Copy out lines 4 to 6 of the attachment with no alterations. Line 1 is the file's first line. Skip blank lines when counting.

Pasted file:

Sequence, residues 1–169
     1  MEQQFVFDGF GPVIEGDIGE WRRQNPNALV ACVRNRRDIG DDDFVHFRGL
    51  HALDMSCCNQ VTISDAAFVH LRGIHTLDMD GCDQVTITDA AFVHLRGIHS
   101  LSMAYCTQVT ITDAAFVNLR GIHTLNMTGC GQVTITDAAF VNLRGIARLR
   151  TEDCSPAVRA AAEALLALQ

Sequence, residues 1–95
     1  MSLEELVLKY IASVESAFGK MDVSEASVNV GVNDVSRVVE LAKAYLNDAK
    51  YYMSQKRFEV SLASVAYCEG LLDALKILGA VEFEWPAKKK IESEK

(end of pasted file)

   101  LSMAYCTQVT ITDAAFVNLR GIHTLNMTGC GQVTITDAAF VNLRGIARLR
   151  TEDCSPAVRA AAEALLALQ

Sequence, residues 1–95